The PARK2 transcript missing exons 2–4 is predicted to result in a frameshift and lead to a nonsense mutation at codon 9 in the mutant mRNA. Similar to the prediction, we observed that the mRNA expression levels in U2650 and carriers with EX2-4 deletion were changed in an exon-dependent manner: decreased by half in the CNV-affected exons but was not affected in the CNV-unaffected exons, suggesting that a mutant PARK2 transcript without EX2-4 is generated (Fig. 3e). However, surprisingly, nonsense-mediated decay did not occur with this transcript. We speculate that the mutant transcript would be translated into a non-functional protein, and the individual carrying this mutation has half dose of functional PARK2 proteins. However, U2650 was one of the less severe autistic symptoms of patients with PARK2 exonic CNV in this study, supporting that intragenic deletion involving exons 2–4 might be less pathogenic for autistic symptoms.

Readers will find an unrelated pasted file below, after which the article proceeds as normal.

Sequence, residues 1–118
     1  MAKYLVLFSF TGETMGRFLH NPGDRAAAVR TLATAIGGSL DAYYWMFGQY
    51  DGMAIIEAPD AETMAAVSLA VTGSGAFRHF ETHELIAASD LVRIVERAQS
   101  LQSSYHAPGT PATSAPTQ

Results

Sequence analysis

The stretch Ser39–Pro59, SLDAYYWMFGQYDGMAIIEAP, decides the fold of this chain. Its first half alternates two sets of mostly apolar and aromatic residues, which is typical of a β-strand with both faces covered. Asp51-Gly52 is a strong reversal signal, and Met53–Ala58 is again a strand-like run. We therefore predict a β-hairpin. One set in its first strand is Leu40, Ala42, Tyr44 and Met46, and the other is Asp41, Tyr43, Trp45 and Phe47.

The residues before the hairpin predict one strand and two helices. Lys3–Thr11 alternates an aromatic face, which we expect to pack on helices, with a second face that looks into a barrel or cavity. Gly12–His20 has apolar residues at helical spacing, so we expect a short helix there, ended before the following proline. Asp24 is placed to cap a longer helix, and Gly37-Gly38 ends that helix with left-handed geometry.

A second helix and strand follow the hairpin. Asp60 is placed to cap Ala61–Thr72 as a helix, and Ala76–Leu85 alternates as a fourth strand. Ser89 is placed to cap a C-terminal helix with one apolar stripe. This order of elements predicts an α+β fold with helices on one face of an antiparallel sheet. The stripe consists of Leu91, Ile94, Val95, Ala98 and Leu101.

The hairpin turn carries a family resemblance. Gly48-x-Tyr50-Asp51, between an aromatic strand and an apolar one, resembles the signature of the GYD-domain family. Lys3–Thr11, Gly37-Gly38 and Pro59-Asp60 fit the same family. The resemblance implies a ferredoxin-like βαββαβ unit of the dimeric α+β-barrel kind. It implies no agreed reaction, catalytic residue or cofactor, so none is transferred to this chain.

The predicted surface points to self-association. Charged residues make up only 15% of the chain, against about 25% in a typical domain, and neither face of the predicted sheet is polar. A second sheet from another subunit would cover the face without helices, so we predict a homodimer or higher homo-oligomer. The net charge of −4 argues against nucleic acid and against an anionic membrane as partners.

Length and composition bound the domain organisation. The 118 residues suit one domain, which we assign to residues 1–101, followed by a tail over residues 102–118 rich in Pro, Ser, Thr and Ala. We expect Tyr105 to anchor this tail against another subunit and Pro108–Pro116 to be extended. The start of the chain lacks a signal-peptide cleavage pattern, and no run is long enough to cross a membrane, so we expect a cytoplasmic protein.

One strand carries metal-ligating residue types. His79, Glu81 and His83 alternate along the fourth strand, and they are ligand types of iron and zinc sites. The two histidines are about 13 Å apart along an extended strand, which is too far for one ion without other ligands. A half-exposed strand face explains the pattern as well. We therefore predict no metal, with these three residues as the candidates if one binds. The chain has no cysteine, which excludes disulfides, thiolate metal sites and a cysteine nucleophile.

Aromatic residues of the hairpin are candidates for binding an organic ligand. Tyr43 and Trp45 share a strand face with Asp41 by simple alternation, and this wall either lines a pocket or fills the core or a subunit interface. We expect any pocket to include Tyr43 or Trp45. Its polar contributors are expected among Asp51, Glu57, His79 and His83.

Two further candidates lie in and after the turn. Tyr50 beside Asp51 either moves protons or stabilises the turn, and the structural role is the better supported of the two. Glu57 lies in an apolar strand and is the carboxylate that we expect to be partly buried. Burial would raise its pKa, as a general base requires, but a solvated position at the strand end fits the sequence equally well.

On the other hand, U1984 who possessed a duplication-type CNV encompassing exons 3–4 manifested more severe autistic symptoms and worse cognitive function than other patients with deletion-type CNVs. The distinct phenotypes might be due to the different dosages of CNV (duplication/deletion). Interestingly, the duplication was partially overlapped with the findings from Scheuerle et al. [17]. They reported a male who had a duplication encompassing exon 2 on PARK2 and revealed cognitive impairment and global developmental delay with particular problems on social and language skills [17]. Later, Marinai and colleagues described similar situation, and their observations also supported the idea that duplication of the PARK2 gene possibly plays a role in the pathology of developmental anomalies [31]. Those probands with duplications from Scheuerle et al’s and Marinai et al’s studies seem to have similar clinical features with U1984 who suffered from language delay and epilepsy. Intriguingly, we observed down-regulation of EX4-5, EX6-7, and EX9-11 but normal expression of EX3-4 on the mRNA level in proband U1984 and the carrier with duplication of EX3-4 on PARK2 in the family. Based on the expression analysis, we speculate that the copy number gain may lead to a splicing error; hence, a shorter transcript lacks most of the 3′ end of the PARK2 mRNA (Fig. 3d). Whether the mutant transcript would interfere with the normal PARK2 transcript (Fig. 3c) is not clear. Nevertheless, the observation that U1984 had the most severe ASD and cognitive impairment among the probands with CNVs on PARK2 might imply that duplication of PARK2 EX3-4 has effect beyond decreasing PARK2 protein. These observations warrant further investigations of pathogenic mechanism of PARK2 CNVs.